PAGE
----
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Urgent warning on cooking sauce: Food manufacturer is recalling it over undeclared allergy fears


Urgent warning on cooking sauce: Food manufacturer is recalling it over undeclared allergy fears

  • Japanese sauce recalled because it contains soy that is not listed on the label
  • Food Standards Agency has told Britons with a soya allergy not to eat it

A popular Japanese cooking sauce is being recalled urgently due to fears it contains soy, which is not stated on the label.

JK Foods warns customers with a soybean allergy not to eat the Tiger Tiger Taste Japan Mirin Sauce.

The Food Standards Agency (FSA), which published the warning, told people in the UK that the sauce poses a ‘health risk’ for anyone with an allergy to soy.

The manufacturer is recalling the product for all expiration dates and offering a full refund on the 150 ml sauce, even without a receipt.

The manufacturer, JK Foods, has issued a customer notice (pictured above) recalling the product and offering a full refund on the 150ml sauce, even without a receipt

It’s sold at the likes of Asda for £1.60.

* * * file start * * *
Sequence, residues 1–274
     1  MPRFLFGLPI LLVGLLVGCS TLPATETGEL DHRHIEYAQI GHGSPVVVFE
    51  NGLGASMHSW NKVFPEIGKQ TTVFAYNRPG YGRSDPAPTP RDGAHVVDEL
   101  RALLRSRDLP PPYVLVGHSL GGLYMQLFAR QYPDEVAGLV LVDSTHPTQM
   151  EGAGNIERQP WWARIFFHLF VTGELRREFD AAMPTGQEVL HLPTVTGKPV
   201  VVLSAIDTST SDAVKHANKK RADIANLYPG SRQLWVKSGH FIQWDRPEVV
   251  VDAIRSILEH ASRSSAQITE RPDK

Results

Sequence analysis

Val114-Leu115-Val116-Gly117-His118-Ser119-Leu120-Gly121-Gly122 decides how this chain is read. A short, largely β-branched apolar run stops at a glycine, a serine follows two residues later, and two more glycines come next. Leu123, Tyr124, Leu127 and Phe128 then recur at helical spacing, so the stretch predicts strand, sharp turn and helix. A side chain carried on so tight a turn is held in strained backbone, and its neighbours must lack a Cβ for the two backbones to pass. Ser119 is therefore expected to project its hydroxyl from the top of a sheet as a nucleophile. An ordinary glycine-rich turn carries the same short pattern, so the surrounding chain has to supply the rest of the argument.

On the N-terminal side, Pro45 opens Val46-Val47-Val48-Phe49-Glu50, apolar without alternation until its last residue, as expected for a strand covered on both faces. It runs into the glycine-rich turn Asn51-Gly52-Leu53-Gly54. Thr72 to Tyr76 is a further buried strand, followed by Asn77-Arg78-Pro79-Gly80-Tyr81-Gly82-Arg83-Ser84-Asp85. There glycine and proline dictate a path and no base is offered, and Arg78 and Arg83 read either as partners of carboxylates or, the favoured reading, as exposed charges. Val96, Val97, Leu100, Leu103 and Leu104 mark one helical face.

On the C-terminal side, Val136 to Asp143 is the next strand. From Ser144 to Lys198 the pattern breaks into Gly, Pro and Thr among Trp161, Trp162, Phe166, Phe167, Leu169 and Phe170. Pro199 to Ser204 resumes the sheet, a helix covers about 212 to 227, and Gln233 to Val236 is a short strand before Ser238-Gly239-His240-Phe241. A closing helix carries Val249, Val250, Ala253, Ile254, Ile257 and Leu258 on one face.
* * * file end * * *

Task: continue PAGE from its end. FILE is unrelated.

The FSA recalls food – when customers are asked to return a product – when problems are noticed with food, meaning it should not be sold.

A customer message from JK Foods warns: ‘If you have purchased Tiger Tiger Japan Mirin 150ml…and you are allergic to soybeans, do not eat it.’

Mirin is a type of sweet rice wine popular in Japanese cuisine and can be used as a sauce or marinade.

Ingredients of this particular product are corn syrup, water, rice wine, acidity regulator and preservatives.

But the manufacturer failed to add that it also contained soy.

Soy allergies are caused by a reaction to the proteins in soybeans, the NHS says.

Symptoms of a soy allergy can range from a mild skin rash, swelling of the lips or around the eyes, to an itchy throat or vomiting.

In severe cases, it can cause anaphylaxis – a severe, life-threatening reaction when swelling in the throat can block the airways.

A soybean allergy can be diagnosed by a person’s reaction to soy after coming into contact with it.

The allergy can also be tested with a skin prick or blood test, but the NHS notes that some people may have a positive allergy test but be able to tolerate soy without having a reaction.

In the UK, the allergy is mainly seen in infants and toddlers, with around four in 1,000 children thought to have the allergy, according to the NHS.


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